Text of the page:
Walkabout

great barrier reef

© Google 2012

Barega saw himself here in dreamtime. Merindah the Seer woman told him it was his time for the walkabout, his spiritual transition so that he could join the men of their people.

His journey would be long and take many days. Barega would be traveling alone for the first time in his fourteen years of life. His father taught him well the skills needed to succeed in his travels.

He found himself here near the great water, the one he had dreamed about. There were many living beings in their land that were revered, and Barega knew that beneath the great water, many more existed. However, he now realized what his experience in dreamtime meant. This mighty reef was alive, too. He walked across the rock and sand to touch its many bodies and souls.

Today he was a man and men must protect the spirits of all life

I wrote this for the What Pegman Saw writing challenge. The idea is to use the Google street view image above as a prompt to craft a bit of flash fiction no more than 150 words long. My word count is 149.

Today, the Pegman takes us to The Great Barrier Reef in Australia.

I learned a lot about the Reef (actually it’s made up of over 2,900 individual reefs and 900 islands stretching over 2,300 km or 1,400 miles long) at Wikipedia and Adventure Mumma.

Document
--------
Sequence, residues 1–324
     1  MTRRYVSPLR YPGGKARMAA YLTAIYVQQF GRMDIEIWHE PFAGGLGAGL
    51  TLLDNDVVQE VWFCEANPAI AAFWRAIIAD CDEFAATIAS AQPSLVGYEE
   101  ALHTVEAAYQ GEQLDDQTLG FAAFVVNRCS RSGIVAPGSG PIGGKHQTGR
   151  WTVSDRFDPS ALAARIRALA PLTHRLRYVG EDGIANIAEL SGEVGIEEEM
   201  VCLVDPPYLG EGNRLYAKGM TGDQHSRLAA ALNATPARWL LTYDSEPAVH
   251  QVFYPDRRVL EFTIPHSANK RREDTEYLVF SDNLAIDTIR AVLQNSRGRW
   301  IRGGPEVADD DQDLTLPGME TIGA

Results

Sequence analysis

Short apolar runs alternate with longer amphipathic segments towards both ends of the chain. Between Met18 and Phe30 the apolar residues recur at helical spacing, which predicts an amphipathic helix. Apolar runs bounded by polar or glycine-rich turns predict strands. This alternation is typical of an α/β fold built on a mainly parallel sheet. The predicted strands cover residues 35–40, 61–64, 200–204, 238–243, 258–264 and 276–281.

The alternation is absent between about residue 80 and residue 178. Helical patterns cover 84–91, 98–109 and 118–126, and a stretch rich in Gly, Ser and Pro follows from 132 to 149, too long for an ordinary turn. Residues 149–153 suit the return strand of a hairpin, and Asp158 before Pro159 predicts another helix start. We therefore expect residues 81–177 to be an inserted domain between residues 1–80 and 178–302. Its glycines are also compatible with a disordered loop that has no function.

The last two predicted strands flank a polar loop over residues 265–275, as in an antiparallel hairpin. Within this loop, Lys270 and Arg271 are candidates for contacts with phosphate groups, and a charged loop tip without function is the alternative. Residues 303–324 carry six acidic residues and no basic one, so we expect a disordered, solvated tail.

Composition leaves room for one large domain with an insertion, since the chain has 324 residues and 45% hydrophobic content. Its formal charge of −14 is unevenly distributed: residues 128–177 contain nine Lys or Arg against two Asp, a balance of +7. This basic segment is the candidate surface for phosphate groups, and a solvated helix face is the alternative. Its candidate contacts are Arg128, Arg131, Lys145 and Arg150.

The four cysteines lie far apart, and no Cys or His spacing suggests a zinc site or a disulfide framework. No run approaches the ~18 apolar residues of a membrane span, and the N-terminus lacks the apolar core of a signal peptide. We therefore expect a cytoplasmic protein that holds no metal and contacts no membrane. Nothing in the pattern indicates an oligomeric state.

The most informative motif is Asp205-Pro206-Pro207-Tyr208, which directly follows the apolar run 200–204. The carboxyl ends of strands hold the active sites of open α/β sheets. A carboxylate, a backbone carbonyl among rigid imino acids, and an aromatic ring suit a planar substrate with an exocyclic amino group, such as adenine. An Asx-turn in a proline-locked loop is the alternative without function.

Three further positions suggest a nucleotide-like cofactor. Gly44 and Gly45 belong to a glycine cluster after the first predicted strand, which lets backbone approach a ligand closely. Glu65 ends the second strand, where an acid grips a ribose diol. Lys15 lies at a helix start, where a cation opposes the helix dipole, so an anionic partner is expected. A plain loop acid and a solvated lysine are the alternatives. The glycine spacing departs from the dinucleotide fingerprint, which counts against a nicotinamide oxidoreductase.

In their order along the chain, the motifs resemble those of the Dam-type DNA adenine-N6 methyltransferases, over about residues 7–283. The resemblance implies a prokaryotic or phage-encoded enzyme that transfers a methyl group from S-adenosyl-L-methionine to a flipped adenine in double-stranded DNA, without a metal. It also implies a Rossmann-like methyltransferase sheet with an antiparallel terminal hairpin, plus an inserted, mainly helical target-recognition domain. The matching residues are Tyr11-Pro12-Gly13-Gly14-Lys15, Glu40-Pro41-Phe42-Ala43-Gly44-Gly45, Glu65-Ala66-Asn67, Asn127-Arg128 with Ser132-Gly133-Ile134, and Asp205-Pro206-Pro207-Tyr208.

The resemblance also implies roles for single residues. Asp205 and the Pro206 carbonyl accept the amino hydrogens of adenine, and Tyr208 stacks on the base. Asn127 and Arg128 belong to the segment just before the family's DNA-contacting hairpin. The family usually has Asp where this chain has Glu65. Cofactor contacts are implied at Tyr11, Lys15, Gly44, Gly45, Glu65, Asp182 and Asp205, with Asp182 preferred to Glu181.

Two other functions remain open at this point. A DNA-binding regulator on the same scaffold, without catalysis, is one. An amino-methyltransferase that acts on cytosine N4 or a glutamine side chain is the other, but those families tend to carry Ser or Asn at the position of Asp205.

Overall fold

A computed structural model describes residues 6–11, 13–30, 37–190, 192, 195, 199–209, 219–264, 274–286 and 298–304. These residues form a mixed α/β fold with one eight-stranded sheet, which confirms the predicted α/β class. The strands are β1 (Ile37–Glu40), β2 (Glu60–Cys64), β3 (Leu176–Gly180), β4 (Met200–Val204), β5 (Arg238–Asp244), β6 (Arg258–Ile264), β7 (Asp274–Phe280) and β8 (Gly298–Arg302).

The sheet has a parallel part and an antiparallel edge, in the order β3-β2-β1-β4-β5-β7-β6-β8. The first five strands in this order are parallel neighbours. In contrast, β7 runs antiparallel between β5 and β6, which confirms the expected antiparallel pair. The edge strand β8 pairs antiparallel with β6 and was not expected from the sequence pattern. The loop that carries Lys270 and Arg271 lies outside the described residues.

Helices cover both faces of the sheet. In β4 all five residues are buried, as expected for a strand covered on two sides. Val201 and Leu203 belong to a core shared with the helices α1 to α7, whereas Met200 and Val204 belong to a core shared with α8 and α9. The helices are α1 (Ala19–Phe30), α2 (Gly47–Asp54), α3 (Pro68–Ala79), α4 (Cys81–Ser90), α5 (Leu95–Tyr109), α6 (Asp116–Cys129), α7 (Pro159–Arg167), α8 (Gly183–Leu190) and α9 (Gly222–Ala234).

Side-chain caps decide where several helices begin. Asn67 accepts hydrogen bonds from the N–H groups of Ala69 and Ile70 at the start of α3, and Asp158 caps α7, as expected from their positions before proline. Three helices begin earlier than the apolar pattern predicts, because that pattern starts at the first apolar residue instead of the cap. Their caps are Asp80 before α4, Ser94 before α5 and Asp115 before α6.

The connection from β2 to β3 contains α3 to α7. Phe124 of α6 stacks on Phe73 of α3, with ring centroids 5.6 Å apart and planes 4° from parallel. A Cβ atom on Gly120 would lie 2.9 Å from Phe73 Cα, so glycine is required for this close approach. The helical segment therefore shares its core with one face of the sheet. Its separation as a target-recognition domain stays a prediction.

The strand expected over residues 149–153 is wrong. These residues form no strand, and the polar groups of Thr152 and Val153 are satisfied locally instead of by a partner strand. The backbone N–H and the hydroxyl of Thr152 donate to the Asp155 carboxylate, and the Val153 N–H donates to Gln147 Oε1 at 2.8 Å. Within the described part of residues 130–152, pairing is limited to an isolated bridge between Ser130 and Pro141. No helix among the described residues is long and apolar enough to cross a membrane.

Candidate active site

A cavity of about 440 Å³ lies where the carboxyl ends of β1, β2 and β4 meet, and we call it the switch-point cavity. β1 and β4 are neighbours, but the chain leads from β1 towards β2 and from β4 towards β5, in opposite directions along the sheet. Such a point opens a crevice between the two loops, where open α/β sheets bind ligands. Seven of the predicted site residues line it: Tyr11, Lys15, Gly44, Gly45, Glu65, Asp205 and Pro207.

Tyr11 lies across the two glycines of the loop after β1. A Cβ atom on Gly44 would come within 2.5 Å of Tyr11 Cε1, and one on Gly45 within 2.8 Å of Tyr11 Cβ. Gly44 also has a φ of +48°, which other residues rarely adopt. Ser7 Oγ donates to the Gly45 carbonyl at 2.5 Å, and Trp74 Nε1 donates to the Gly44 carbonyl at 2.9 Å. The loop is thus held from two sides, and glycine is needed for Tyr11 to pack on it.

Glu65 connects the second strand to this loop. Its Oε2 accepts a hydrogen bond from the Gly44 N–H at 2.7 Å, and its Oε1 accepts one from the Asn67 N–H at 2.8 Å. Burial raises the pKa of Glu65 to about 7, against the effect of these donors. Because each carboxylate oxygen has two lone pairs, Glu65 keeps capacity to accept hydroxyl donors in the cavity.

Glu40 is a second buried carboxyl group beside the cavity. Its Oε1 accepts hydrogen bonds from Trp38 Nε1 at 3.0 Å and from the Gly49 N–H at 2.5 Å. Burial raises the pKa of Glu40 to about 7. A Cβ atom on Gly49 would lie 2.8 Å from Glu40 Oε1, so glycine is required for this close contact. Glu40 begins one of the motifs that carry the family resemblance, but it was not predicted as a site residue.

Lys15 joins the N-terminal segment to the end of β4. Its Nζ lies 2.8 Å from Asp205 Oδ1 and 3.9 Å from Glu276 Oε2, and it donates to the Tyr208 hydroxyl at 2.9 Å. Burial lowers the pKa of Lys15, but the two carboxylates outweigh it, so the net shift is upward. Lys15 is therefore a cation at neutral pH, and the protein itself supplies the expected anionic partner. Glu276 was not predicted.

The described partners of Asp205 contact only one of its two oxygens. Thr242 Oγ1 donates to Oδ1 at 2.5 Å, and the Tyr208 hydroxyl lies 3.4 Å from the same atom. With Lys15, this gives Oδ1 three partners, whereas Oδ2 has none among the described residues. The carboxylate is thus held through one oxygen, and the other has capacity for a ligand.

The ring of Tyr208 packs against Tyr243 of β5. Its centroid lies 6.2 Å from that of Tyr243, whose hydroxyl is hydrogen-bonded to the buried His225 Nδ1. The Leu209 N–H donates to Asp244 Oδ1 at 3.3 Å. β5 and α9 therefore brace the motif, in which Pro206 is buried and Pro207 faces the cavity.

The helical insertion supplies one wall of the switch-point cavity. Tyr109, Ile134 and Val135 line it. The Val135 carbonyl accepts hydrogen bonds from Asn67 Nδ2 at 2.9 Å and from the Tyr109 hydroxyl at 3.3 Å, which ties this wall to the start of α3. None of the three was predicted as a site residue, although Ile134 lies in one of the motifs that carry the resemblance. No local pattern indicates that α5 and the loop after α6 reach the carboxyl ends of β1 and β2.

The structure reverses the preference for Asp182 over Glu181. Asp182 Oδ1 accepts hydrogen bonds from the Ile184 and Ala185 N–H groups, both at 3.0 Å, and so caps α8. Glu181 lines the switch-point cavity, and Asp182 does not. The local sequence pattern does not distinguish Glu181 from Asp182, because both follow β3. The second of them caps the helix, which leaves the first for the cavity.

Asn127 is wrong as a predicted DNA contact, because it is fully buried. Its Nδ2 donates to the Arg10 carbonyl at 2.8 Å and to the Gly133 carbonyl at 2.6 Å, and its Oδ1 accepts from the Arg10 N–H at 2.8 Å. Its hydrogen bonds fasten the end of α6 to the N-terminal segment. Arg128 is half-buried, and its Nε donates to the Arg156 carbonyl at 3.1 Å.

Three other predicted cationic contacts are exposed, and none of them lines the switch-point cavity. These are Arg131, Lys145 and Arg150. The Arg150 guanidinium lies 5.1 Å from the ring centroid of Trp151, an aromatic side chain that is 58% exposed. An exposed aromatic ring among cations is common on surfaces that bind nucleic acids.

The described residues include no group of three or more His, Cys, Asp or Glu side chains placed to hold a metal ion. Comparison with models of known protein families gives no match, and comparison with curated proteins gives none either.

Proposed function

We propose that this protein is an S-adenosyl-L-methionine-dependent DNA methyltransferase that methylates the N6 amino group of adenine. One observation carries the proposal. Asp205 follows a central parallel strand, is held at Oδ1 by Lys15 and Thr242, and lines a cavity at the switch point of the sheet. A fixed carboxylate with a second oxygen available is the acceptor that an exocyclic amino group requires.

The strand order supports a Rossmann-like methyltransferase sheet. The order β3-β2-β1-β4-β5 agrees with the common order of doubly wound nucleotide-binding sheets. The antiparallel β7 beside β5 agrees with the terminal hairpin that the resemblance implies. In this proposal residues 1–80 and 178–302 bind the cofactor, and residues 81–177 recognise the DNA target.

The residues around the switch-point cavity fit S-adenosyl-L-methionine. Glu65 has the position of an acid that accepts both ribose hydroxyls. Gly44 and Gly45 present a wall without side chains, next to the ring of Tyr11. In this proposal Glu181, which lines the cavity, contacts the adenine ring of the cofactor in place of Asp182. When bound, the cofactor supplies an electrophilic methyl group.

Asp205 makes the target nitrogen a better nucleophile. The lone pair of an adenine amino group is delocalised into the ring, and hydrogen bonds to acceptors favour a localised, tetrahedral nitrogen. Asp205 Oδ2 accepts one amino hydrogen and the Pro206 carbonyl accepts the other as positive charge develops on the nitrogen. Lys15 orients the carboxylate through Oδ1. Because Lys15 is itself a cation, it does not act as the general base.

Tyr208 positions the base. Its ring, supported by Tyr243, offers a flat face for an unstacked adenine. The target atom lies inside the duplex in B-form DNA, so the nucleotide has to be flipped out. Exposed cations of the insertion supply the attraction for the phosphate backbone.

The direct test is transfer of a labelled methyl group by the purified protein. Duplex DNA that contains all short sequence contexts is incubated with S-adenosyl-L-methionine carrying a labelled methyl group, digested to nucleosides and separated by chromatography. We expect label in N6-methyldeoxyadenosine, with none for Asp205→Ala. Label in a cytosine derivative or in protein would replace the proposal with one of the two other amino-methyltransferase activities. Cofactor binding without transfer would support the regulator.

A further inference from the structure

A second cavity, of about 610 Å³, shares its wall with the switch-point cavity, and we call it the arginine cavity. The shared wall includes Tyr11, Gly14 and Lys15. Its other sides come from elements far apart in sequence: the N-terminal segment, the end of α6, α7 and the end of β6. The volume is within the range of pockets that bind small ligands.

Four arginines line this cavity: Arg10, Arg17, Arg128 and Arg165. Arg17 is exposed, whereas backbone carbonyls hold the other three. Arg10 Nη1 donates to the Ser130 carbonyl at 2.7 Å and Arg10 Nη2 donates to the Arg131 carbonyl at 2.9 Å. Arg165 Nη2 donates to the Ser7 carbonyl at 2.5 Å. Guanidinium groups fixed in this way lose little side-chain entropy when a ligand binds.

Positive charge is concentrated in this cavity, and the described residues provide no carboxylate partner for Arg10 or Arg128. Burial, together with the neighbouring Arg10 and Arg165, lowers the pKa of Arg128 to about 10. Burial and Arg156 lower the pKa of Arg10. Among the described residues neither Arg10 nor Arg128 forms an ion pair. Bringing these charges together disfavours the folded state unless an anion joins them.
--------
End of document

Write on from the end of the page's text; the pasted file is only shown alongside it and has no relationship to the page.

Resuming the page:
Wikipedia says that: “according to a study published in October 2012 by the Proceedings of the National Academy of Sciences, the reef has lost more than half its coral cover since 1985.” This coral bleaching is attributed to human use impact such as fishing and tourism as well as runoff and climate change.

The good news is that the reef has died off many times before, usually during each ice age, and then recovered, but the original environmental conditions have to be restored.

I also learned that about 12,000 years ago, a person could walk from the land directly out to the reef. Since I’ve recently been interested in writing time travel stories about going back to that period in history, my “Walkabout” tale simply fell into place.

To read other stories based on the prompt, go to InLinkz.com.

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15 thoughts on “Walkabout

  1. Beautiful. I think this is my favorite of your stories so far. “Walkabout” is a significant point in life where a lot of learning takes place. I think you characterized it wonderfully.

    Like

  2. Dear James,

    We did both go for historical fiction, but only one of us stayed on location. 😉 I swam in a different direction. Although I did do some research about the Aborigines. nothing sparked a story for me. Wonderful story.

    Shalom,

    Rochelle

    Liked by 1 person

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